4. Batman v Superman: Dawn of Justice (2016)
Dawn of Justice was probably the most divisive of Snyder’s collection of hugely divisive pictures, with many an audience member being dismayed at the nonsensical editing of the action scenes and the rather limited explorations of many of the picture’s secondary characters and themes. However, Snyder did successfully oversee the rebirth of the Batman character in a post-Dark-Knight landscape with great effect and managed to present the caped crusader as a viable opponent to the almost overly powerful Superman character. The director also successfully inserted a number of fan-servicing Easter eggs that gifted the movie a sense of rewatchability and made for an interest in his more adult-themed cut of the movie that was released on DVD/Blu-Ray. Though it was far from a success in the eyes of audiences and critics, Batman v Superman was the first time the key figures in the Justice League had been featured in a film together, something that tipped the movie beyond that of its predecessor Man of Steel and into the number 4 spot in this list.
3. Dawn of the Dead (2004)
After circulating as a music video and advertisement director (including the Budweiser chariot superbowl ad), Snyder got his first big movie break on the horror remake Dawn of the Dead (2004). It was an over-the-top zombie fest (before Zombies came back in fashion) and was successful both critically and financially for its fresh and visually appealing take on the story. Though it acted as the catalyst of what was to come of Snyder’s career, Dawn of the Dead didn’t have the stylistic signature of Snyder’s other work courtesy of its smaller budget, but it definitely made for an interesting modern horror movie. Taking the bronze medal is Dawn of the Dead.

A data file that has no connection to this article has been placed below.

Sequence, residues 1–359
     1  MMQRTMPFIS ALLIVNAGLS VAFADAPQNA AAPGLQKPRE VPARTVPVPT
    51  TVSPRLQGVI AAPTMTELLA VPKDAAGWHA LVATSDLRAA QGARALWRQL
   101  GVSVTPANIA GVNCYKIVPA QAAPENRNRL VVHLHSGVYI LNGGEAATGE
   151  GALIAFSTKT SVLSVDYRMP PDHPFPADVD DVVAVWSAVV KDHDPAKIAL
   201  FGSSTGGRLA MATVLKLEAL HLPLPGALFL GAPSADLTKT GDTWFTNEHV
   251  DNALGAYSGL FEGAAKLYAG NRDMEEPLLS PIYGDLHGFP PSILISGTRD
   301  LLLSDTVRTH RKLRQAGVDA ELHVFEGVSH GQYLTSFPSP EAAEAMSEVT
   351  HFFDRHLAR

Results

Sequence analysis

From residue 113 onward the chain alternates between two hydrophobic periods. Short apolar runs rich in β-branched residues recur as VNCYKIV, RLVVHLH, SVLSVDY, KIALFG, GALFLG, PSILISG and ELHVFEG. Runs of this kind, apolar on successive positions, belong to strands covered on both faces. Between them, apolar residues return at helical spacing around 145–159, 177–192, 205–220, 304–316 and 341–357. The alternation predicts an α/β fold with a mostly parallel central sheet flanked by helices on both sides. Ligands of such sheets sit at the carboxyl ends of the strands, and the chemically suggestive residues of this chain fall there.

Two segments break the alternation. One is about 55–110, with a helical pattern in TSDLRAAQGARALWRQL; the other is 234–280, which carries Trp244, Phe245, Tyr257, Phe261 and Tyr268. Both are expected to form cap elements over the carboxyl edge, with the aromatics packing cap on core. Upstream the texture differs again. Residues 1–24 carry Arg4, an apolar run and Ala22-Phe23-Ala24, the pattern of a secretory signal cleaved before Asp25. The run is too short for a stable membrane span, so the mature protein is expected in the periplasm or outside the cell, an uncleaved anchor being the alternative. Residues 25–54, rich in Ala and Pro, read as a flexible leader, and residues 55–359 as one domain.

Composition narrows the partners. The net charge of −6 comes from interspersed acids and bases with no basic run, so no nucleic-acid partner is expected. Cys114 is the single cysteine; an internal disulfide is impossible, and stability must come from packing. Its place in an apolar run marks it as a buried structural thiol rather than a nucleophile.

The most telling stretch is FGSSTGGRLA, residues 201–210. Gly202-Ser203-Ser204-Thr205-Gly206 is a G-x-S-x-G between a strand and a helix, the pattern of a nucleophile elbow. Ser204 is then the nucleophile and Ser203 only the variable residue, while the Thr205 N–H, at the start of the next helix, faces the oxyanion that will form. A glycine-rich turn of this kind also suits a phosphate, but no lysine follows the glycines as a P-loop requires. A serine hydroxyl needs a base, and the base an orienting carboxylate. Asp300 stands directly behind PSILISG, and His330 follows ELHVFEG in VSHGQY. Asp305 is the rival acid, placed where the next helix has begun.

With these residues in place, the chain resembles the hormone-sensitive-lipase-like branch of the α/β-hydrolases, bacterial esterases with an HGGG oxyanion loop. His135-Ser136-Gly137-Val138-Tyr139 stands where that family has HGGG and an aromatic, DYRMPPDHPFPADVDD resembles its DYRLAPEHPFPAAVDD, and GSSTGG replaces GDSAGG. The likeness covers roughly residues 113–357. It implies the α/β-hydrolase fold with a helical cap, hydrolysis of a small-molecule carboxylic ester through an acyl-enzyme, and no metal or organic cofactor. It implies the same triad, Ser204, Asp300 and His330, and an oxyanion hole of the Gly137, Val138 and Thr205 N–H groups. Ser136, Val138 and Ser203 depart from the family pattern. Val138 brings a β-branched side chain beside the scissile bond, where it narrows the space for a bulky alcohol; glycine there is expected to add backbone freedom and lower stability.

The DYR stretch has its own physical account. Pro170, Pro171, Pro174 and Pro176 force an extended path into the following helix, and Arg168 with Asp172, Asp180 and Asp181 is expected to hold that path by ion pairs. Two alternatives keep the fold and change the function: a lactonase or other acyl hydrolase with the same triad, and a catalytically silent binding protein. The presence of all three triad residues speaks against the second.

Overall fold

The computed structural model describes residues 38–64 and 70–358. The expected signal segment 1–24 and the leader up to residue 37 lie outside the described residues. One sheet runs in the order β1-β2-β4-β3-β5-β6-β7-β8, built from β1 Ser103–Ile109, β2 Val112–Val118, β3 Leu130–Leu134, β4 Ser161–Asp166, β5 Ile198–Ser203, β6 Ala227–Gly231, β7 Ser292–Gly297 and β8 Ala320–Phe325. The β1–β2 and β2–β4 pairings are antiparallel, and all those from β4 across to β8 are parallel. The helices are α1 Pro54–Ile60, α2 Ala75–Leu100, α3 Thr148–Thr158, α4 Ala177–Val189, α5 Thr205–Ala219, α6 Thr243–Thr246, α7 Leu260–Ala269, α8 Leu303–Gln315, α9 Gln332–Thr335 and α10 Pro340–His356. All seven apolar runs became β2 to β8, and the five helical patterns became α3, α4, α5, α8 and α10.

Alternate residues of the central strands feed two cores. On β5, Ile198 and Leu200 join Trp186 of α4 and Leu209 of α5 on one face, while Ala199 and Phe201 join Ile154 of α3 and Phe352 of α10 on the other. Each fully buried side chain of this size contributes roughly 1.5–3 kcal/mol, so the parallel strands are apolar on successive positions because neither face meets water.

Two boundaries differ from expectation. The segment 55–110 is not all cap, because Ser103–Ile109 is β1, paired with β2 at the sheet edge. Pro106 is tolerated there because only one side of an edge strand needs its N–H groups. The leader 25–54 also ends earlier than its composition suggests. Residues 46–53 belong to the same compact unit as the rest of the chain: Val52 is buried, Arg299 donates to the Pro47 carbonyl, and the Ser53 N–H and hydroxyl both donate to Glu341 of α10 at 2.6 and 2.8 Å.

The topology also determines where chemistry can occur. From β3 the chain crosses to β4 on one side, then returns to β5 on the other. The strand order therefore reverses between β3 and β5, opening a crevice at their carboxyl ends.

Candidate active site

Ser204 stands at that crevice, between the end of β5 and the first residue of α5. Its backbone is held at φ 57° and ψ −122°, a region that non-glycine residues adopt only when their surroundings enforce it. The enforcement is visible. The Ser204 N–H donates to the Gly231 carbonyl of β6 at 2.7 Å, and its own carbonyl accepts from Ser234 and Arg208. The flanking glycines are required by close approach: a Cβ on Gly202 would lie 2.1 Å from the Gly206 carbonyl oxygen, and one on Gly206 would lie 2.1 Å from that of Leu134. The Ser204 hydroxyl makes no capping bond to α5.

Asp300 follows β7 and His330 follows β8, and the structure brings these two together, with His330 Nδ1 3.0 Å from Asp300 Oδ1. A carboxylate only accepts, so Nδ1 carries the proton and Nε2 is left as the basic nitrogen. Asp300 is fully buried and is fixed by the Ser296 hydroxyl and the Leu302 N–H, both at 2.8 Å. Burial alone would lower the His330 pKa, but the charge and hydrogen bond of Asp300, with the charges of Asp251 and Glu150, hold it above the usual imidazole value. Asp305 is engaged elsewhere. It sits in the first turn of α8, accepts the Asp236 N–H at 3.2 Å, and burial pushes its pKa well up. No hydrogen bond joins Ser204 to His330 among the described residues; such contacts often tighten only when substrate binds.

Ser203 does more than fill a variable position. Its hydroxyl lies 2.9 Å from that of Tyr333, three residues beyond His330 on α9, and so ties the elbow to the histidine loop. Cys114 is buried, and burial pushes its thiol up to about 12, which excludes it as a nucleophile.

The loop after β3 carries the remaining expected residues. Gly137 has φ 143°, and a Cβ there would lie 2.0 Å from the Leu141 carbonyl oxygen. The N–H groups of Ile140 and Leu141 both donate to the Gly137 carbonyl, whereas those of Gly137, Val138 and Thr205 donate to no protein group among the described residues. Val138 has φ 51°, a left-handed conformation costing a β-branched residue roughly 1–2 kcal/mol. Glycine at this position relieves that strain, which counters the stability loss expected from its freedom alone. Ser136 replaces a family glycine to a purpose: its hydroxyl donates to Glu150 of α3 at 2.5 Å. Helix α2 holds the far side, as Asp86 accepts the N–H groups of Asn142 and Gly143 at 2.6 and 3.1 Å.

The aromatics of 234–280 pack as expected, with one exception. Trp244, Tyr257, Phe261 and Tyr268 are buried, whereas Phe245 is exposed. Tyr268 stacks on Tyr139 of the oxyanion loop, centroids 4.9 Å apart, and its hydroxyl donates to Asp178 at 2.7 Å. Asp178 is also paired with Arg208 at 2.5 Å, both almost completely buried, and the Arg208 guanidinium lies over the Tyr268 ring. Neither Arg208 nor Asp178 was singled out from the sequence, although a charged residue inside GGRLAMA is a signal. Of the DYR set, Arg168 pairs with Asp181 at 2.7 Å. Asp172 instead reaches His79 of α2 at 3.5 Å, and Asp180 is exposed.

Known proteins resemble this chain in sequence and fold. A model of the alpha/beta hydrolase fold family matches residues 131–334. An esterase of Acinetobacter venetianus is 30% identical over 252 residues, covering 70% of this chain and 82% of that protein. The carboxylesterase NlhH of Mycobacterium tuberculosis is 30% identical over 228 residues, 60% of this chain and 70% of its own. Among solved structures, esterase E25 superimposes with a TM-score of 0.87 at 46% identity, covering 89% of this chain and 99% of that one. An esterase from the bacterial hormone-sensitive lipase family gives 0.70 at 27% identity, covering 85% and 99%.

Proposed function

2. Watchmen (2009)
Zack Snyder’s Watchmen (2009) was a divisive DC Comics adaptation that you either loved or hated; it was like Marmite. Still, there’s no denying that Snyder went to incredible lengths to ensure that as much of the detail included in the graphic novel was available in his film. Furthermore, he helped to create probably the best opening montage in the history of comic book movies. Despite controversy over the alternative ending the filmmaker offered to the novel, Watchmen is undeniably visually stunning movie that is strong in its thematic messages and presentation, plus the ‘alternative’ soundtrack’s illustration of the Watchmen’s alternative universe is a lot of fun. Marmite or not, Watchmen was a showcase of all that Snyder has to offer as a filmmaker and was undoubtedly one of his better overall pieces.
1. 300 (2006)
Zack Snyder directed something in 2006 that we had never seen before and thus created an overnight success with his relatively small budget stylistic piece telling the mythical tale of three hundred Spartans overcoming the Persian empire. It made Snyder a household name and spring-boarded the director into the mainstream, undoubtedly landing him many of the central Warner Bros roles that have since followed. 300 was over-the-top, flashy and incredibly violent, while remaining tightly knit and a breath of fresh air to the genre. It was undoubtedly the best movie of Snyder’s career and therefore the number one movie on this list.